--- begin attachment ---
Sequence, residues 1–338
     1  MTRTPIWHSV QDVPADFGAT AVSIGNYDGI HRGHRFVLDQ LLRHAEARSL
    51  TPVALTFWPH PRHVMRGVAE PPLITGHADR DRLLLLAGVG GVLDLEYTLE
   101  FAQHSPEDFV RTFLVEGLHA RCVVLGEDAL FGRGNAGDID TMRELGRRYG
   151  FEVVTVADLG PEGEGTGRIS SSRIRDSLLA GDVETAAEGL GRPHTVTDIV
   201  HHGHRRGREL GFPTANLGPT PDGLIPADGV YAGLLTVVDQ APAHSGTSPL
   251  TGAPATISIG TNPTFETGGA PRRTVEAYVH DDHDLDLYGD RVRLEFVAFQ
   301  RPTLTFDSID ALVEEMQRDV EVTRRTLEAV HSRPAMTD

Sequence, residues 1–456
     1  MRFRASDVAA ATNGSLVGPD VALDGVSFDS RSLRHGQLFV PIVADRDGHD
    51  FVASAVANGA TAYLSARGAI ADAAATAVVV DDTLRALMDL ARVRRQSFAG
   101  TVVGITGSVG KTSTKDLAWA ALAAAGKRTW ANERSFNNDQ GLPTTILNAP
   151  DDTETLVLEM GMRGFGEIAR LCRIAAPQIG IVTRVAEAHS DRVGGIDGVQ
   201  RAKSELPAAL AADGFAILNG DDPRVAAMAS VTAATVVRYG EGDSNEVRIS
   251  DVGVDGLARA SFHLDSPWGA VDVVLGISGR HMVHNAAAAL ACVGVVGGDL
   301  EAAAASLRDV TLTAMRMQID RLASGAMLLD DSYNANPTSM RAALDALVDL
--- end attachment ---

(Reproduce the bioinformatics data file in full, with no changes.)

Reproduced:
Sequence, residues 1–338
     1  MTRTPIWHSV QDVPADFGAT AVSIGNYDGI HRGHRFVLDQ LLRHAEARSL
    51  TPVALTFWPH PRHVMRGVAE PPLITGHADR DRLLLLAGVG GVLDLEYTLE
   101  FAQHSPEDFV RTFLVEGLHA RCVVLGEDAL FGRGNAGDID TMRELGRRYG
   151  FEVVTVADLG PEGEGTGRIS SSRIRDSLLA GDVETAAEGL GRPHTVTDIV
   201  HHGHRRGREL GFPTANLGPT PDGLIPADGV YAGLLTVVDQ APAHSGTSPL
   251  TGAPATISIG TNPTFETGGA PRRTVEAYVH DDHDLDLYGD RVRLEFVAFQ
   301  RPTLTFDSID ALVEEMQRDV EVTRRTLEAV HSRPAMTD

Sequence, residues 1–456
     1  MRFRASDVAA ATNGSLVGPD VALDGVSFDS RSLRHGQLFV PIVADRDGHD
    51  FVASAVANGA TAYLSARGAI ADAAATAVVV DDTLRALMDL ARVRRQSFAG
   101  TVVGITGSVG KTSTKDLAWA ALAAAGKRTW ANERSFNNDQ GLPTTILNAP
   151  DDTETLVLEM GMRGFGEIAR LCRIAAPQIG IVTRVAEAHS DRVGGIDGVQ
   201  RAKSELPAAL AADGFAILNG DDPRVAAMAS VTAATVVRYG EGDSNEVRIS
   251  DVGVDGLARA SFHLDSPWGA VDVVLGISGR HMVHNAAAAL ACVGVVGGDL
   301  EAAAASLRDV TLTAMRMQID RLASGAMLLD DSYNANPTSM RAALDALVDL